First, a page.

(Writer dare I whipped up on Friday. The dare was “begin with the phrase ‘there were three of them’.”)
There were three of them. Feather Belle squinted in the dim light, trying to keep her gaze on all of them at once. She crouched by a large oak tree, protecting her back, but she didn’t dare try to move. The cut in her leg still throbbed dully.
The wolves moved closer, fanning out in a half circle and cutting off any path of escape. Though they smelled her blood, they didn’t know she was nearly incapable of movement.
Mentally she counted her available weapons. They were grievously few. The spear she held in her left hand and the miniature crossbow clipped to her belt were all she had left. Her knives had been lost several hours ago.
The crossbow wouldn’t be much use against these beasts anyway. It was designed for small game or as an assassin’s weapon– small, and easy to hide and use in cramped quarters.
A sigh escaped her lips. She would have to fight all three of them with just her spear. She eased her wounded leg under her, wincing at the pain, and held the spear at ready. Unfortunately it was her left leg that was injured, and being left handed, she was accustomed to fighting with that hand. It would be a challenge to keep her leg out of the way and defend herself at the same time.
The first wolf lunged, but it was a fake attack. Feather tensed, but the animal stopped its advance after just a few steps. The other two closed in, but she didn’t take her eyes off the middle wolf. It was obviously the leader and her main target.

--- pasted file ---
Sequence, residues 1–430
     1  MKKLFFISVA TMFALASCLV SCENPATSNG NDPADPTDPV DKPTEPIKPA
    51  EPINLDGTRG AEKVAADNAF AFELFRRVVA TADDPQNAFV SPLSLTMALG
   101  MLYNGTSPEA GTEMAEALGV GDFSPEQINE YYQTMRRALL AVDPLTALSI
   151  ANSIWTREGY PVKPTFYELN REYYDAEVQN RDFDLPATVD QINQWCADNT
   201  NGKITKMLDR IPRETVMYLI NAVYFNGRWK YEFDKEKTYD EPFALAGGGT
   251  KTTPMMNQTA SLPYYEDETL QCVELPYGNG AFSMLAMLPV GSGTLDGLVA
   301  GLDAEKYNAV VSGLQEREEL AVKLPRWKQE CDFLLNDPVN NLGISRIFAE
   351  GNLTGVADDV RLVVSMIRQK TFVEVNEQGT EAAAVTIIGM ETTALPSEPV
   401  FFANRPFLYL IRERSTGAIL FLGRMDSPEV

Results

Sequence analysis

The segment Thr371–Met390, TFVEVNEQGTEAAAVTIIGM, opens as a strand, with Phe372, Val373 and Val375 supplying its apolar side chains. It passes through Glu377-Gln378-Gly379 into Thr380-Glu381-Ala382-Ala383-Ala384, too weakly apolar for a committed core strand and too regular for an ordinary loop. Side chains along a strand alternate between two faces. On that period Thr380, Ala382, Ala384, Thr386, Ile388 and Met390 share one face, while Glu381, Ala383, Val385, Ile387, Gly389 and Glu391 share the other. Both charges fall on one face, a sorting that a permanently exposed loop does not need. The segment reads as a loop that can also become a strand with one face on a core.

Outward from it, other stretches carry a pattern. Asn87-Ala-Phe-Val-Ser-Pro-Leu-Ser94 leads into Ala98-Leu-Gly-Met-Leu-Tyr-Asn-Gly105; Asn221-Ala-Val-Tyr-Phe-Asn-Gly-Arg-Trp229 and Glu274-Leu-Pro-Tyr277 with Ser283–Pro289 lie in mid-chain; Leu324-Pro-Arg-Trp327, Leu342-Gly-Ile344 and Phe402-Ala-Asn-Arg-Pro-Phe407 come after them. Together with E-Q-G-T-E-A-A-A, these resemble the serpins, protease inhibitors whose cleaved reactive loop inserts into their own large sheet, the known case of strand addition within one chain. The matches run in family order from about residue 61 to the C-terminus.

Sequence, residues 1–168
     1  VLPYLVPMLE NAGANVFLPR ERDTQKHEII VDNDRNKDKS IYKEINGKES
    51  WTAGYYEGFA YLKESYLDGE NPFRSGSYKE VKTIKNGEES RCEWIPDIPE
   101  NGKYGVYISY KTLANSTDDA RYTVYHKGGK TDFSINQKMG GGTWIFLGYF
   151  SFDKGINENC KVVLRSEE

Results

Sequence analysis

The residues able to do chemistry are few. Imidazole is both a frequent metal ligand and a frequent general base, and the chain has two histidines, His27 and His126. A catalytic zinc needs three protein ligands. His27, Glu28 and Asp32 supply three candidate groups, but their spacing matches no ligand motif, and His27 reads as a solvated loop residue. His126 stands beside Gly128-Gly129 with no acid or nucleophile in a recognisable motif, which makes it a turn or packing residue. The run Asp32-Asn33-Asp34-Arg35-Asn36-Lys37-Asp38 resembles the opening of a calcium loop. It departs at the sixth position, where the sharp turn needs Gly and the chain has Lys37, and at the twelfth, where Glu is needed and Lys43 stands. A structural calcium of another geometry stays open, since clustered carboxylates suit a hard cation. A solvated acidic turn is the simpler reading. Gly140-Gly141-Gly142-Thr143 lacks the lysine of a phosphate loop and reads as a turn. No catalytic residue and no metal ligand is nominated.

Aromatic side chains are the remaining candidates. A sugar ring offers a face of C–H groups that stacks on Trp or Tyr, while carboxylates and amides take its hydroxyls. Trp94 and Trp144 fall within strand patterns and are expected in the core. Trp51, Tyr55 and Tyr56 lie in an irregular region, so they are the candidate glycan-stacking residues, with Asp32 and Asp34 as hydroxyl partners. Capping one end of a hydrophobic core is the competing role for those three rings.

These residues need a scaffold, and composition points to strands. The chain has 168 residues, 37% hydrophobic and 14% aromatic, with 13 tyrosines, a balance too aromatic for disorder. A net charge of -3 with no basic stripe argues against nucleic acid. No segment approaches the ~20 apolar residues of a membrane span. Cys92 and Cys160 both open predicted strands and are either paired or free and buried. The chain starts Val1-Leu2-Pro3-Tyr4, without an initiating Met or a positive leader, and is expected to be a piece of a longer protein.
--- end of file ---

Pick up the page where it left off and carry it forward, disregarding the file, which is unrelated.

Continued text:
Easing her right hand to her belt, using small, nonthreatening movements, she unhooked her crossbow and clicked a bolt into place. It wouldn’t do much except make the wolf mad, but she might be able to take it down if she aimed a good shot right at it’s heart.
Quick as lightning, her right arm jerked out to the side and she spared a glance at the wolf to her right, just long enough to aim, then pulled the trigger as her gaze shifted back to the wolf leader.
The other two wolves attacked at the same time, urged on by the muffled howl of their companion as it slumped to the ground, a small hole in it’s chest.
Feather allowed herself a satisfied grin as she met the first wolf’s chest with the head of her spear, jerking the other end out at the same time so it cracked into the left-hand wolf’s skull.
Both stumbled and retreated. Her spearhead had missed the center of the leader’s chest, only scraping along his ribcage and leaving a bloody gash that traced across his shoulder.
Feather eyed her handiwork a moment too long. With a growl, the other wolf leaped, landed on her side, and shoved her over. She screamed as the animal’s claws found her injury and shoved the lower end of the spear into it’s gut.
“LET. ME. GO.” She yelled. If she hadn’t been wounded she might have been able to maneuver out from under the wolf, but now her movements were hindered by her leg.
In a moment the other wolf was on top of her and there was no way she could fight them. They were on her back, ripping at her hair, their nails piercing the skin on her back. She screamed again, but her voice was lost in their savage snarling and victory howls.
She gave in the fact that she was about to be eaten alive and tried to focus on anything but the pain.
A bellow sounded above her and it made the wolves pause in their feast of tearing apart her back. Wind whipped around them, shaking the tree boughs. Fire swirled down from above, blackening everything except Feather in a momentary gust.
Then it was gone and she was covered in ash–the only remains of the wolves’ bodies. A shadow covered her and she opened her eyes.
“Thorn…” She grinned. “Thank you.”